In this post, we will talk a little bit about the form of the piece. Usually, we tackle this later on, but this time around we thought it would be beneficial information to have early on in the learning process.
Whenever an editor gives you rehearsal letters or numbers, it’s not an accident. It’s normally a big clue as to the form of the piece, outlining where sections begin and end. It’s also helpful to use these to divide up your practice time. If you find that your practicing is without direction and you tend to “sing through” pieces instead of having concentrated, fruitful practice sessions, focusing on small sections, you can use these letters to plan your practice time.
Let’s talk about each section individually, using the letters in the score.
A: The opening statement is a sort of repeat. The rhythm and words repeat and the second section is very similar, but with a more gratifying cadence.
B: The second section introduces some jaunty rhythms, increasing in energy and once again, we see a repeat off the start. The Sopranos take off at the beginning of the section and the altos first interject, then join in.
C: We shift to a homophonic (all parts singing the same words and rhythm at the same time) and almost hymn-like texture and also begin to shift toward a minor mode. The end of the section ends with a huge shift in harmony. It’s probably frustrating to attempt solfege at this point!
D: You will find that section D in itself is a repeat, but in two different tonalities.
E: Begins our shift back to the material of the beginning of the piece by presenting a new, beautiful lyrical moment.
F: Is almost identical to letter B! More on this in a moment.
G: Is almost identical to the beginning of the piece. You will notice that there is a final section at the end which we would label a “coda” which wraps up the song.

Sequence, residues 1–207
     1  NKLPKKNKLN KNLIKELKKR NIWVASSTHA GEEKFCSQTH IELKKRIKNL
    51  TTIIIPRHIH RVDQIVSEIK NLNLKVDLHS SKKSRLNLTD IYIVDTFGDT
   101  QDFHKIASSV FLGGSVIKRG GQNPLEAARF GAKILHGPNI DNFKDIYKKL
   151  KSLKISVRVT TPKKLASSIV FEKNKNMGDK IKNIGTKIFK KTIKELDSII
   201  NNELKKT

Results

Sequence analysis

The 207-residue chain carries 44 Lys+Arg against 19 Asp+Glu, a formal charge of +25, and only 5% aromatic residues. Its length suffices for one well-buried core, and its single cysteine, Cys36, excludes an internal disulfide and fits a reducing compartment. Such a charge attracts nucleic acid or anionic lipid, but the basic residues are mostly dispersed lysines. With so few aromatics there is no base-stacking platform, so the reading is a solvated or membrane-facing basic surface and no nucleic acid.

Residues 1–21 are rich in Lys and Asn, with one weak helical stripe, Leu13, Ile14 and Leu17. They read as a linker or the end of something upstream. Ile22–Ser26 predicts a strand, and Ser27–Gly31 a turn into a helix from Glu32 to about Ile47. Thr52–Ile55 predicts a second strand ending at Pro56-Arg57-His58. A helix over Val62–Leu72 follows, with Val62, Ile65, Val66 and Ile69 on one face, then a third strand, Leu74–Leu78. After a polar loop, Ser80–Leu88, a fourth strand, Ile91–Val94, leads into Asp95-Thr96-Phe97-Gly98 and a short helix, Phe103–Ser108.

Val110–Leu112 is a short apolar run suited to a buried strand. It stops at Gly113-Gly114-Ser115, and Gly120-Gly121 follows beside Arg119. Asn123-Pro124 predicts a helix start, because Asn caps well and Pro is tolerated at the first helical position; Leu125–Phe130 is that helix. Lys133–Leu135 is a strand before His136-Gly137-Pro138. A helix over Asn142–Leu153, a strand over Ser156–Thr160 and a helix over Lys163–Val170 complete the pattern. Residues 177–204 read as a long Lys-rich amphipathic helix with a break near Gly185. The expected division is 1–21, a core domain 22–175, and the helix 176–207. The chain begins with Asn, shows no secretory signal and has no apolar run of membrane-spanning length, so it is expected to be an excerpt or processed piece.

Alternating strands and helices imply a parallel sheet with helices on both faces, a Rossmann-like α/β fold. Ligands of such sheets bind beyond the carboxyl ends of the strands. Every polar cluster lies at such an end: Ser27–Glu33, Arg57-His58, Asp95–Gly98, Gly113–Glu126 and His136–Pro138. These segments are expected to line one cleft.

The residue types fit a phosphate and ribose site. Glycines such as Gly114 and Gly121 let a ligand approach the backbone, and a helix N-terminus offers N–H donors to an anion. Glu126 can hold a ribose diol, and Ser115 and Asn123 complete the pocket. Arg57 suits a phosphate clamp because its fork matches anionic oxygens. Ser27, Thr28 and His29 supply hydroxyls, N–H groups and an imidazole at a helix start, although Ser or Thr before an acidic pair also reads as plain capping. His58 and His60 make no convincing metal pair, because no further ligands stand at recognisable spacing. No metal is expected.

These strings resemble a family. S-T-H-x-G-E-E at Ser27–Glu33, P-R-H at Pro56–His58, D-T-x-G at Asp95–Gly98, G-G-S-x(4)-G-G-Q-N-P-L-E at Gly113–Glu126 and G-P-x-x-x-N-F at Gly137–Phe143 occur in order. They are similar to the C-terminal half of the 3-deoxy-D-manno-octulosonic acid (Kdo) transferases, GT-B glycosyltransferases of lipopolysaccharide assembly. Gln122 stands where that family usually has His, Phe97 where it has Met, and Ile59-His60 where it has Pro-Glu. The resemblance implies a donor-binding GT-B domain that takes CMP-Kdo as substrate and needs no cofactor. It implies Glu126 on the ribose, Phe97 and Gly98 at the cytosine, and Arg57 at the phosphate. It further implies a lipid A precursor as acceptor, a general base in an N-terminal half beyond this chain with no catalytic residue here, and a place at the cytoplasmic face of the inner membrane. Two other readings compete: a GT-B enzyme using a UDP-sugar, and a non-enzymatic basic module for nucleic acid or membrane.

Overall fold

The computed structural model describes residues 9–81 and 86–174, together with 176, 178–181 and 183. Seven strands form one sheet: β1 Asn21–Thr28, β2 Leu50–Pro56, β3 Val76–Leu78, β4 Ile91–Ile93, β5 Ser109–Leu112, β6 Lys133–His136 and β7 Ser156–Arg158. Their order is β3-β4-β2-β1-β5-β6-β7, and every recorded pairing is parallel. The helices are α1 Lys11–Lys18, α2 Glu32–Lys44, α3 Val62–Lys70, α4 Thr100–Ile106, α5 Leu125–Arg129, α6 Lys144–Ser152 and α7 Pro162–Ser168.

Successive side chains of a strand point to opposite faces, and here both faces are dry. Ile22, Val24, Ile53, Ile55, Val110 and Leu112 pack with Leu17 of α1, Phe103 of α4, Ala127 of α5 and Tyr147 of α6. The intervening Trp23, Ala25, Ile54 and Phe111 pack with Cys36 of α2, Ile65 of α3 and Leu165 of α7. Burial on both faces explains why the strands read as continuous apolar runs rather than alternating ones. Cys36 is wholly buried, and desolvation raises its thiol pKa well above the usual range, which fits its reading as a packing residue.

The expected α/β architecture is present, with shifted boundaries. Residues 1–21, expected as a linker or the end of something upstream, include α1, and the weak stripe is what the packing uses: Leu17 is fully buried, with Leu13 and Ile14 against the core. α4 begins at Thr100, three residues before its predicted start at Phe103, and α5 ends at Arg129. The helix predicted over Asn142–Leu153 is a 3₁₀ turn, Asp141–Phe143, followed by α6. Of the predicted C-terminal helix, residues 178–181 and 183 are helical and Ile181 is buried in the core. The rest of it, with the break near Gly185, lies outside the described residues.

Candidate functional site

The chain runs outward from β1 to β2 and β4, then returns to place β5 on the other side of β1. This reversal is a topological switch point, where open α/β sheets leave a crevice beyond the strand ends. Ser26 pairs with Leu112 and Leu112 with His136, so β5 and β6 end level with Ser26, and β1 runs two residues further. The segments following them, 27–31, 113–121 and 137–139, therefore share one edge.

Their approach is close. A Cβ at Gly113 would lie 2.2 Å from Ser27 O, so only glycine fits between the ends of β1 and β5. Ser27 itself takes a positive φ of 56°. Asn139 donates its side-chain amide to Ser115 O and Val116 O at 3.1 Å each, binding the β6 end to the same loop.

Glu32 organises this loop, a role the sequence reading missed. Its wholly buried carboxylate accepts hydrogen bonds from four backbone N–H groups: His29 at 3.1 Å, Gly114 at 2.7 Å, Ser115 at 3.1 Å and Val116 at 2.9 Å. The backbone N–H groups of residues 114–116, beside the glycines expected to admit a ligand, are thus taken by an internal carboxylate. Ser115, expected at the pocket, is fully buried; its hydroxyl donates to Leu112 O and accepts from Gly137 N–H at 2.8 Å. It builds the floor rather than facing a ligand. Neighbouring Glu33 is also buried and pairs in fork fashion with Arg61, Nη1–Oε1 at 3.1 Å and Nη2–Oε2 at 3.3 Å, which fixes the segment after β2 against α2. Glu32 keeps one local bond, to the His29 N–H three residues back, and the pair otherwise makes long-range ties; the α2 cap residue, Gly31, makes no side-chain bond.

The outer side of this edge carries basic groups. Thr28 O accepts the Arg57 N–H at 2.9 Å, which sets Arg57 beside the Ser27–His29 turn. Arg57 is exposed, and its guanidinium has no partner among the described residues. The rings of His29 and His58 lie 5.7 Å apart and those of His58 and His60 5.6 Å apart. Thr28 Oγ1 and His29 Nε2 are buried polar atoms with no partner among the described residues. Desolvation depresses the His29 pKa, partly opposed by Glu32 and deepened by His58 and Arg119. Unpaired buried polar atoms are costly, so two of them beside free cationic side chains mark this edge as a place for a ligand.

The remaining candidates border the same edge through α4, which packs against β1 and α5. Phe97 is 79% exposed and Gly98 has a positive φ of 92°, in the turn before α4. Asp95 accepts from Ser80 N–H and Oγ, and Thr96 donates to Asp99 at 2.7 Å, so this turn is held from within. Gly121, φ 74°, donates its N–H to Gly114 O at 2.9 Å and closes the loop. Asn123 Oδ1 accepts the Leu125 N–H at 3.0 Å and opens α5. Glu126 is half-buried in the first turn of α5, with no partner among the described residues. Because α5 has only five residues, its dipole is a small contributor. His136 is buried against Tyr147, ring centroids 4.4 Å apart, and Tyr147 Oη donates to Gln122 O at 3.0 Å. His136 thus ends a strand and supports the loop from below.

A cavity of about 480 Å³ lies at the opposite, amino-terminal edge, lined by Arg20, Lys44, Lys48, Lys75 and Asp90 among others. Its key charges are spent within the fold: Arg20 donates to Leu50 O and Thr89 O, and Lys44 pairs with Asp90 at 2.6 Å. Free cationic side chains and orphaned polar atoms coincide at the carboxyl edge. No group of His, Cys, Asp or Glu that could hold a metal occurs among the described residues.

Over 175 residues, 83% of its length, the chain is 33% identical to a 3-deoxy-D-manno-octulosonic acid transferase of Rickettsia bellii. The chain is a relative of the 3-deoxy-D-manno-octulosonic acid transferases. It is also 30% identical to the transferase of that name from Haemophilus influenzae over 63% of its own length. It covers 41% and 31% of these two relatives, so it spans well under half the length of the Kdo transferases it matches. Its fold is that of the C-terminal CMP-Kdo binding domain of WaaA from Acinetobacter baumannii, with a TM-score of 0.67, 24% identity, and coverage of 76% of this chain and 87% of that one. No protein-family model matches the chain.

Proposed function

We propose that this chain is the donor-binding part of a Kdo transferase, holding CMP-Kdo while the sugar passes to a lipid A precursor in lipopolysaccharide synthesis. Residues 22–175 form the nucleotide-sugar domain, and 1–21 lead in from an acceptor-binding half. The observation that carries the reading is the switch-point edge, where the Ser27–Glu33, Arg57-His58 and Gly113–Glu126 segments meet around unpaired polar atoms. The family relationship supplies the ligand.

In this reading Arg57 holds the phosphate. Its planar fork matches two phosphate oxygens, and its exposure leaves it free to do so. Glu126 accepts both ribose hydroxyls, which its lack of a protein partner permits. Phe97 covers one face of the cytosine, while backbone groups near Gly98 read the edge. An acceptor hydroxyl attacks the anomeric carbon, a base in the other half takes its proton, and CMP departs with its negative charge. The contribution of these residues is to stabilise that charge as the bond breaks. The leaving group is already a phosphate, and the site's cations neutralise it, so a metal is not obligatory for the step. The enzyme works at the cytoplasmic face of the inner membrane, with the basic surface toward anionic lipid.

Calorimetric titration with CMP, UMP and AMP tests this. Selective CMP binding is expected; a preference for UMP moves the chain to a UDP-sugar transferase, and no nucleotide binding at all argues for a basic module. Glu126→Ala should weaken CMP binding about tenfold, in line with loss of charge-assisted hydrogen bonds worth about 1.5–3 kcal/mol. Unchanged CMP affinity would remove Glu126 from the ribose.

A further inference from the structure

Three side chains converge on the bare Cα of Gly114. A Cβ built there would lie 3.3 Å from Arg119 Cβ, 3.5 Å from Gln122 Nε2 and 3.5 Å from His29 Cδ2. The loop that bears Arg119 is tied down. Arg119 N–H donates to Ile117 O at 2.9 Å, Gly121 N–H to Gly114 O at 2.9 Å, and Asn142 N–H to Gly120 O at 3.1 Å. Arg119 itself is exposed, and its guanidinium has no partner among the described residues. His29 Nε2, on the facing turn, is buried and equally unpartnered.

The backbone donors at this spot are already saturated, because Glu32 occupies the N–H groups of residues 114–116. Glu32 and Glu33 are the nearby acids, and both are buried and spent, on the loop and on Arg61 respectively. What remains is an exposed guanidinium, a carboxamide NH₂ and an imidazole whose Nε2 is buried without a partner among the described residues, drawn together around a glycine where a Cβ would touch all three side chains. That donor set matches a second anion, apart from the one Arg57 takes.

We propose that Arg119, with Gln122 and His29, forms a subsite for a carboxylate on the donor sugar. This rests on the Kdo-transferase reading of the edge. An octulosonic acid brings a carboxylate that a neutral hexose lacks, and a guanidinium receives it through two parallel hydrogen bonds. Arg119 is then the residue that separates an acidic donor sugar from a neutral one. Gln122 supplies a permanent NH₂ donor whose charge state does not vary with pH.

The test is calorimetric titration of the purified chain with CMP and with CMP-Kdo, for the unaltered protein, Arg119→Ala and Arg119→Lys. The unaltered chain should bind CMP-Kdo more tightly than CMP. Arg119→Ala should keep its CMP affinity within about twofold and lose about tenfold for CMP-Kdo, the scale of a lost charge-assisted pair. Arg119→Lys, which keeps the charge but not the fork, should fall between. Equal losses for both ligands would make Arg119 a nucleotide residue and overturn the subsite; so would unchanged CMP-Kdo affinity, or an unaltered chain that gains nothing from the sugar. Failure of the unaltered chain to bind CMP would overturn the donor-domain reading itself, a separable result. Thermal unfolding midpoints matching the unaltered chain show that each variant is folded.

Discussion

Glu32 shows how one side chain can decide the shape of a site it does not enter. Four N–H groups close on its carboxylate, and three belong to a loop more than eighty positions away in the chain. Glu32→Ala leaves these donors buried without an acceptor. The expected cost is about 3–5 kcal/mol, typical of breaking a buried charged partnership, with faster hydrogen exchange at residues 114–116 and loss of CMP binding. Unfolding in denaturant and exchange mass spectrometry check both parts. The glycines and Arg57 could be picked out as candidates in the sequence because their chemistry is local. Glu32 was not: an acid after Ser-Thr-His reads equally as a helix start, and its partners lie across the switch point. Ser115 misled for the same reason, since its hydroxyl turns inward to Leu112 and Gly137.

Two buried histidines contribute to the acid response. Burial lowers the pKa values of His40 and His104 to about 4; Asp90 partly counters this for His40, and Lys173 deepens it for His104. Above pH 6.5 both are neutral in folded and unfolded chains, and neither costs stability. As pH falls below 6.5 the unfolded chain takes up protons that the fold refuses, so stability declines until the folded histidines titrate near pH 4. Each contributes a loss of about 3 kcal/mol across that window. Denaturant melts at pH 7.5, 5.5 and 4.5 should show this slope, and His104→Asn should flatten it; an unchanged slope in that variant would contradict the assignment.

How is this going to help me?
As a judge, I know that ignoring the form of the piece is going to disqualify some really great singers. Seems weird, right? But here’s what I mean.
We all know the dangers of “going on auto-pilot” when we aren’t paying attention. But did you know that when we are nervous fight or flight response can also activate a sort of “auto-pilot”. You know the feeling, you’re shaking, there’s a ringing in your ears, you have no idea what happened when you walk out of the room! So what did you sing? What happened?! When you’re practicing, you’ll find that you often make mistakes in these sections and you’ll wonder why.
So, when you are beginning to learn this piece it’s important to pay attention to, from the start, the slight differences between similar sections. Here’s how:
- Learn Section A using your favorite neutral syllable or solfege.
- Learn Section G using your favorite neutral syllable or solfege.
- Alternate back and forth between these sections, notating the slight differences between them. ie: S1: in measure 6 there is an 8th rest on beat 3. However, in measure 66, there is no rest. What are the implications of this? We have an extra word, an extra note, we have to move our breath, etc. Pay attention and notate!
Repeat with Section B and F. Ask yourself and notate, what are the differences?
Finally, since these sections are so similar, how can you make them sound different? It’s unlikely that your audition cut will be long enough to encompass both sections in one. However, the specificity that you will gain in your singing and performance will make your audition absolutely divine!